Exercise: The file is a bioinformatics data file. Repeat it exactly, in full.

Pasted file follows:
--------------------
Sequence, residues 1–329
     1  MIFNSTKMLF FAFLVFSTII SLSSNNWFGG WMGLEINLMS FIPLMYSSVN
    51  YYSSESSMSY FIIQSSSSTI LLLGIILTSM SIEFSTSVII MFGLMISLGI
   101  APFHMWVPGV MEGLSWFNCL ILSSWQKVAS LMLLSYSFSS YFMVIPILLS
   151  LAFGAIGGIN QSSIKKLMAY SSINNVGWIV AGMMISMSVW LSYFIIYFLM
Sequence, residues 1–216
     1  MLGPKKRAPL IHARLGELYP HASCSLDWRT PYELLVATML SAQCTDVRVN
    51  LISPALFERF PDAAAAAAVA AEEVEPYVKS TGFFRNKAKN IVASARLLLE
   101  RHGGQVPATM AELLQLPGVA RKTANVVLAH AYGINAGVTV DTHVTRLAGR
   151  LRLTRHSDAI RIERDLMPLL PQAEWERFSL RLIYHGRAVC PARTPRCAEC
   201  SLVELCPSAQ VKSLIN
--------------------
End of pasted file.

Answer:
Sequence, residues 1–329
     1  MIFNSTKMLF FAFLVFSTII SLSSNNWFGG WMGLEINLMS FIPLMYSSVN
    51  YYSSESSMSY FIIQSSSSTI LLLGIILTSM SIEFSTSVII MFGLMISLGI
   101  APFHMWVPGV MEGLSWFNCL ILSSWQKVAS LMLLSYSFSS YFMVIPILLS
   151  LAFGAIGGIN QSSIKKLMAY SSINNVGWIV AGMMISMSVW LSYFIIYFLM
Sequence, residues 1–216
     1  MLGPKKRAPL IHARLGELYP HASCSLDWRT PYELLVATML SAQCTDVRVN
    51  LISPALFERF PDAAAAAAVA AEEVEPYVKS TGFFRNKAKN IVASARLLLE
   101  RHGGQVPATM AELLQLPGVA RKTANVVLAH AYGINAGVTV DTHVTRLAGR
   151  LRLTRHSDAI RIERDLMPLL PQAEWERFSL RLIYHGRAVC PARTPRCAEC
   201  SLVELCPSAQ VKSLIN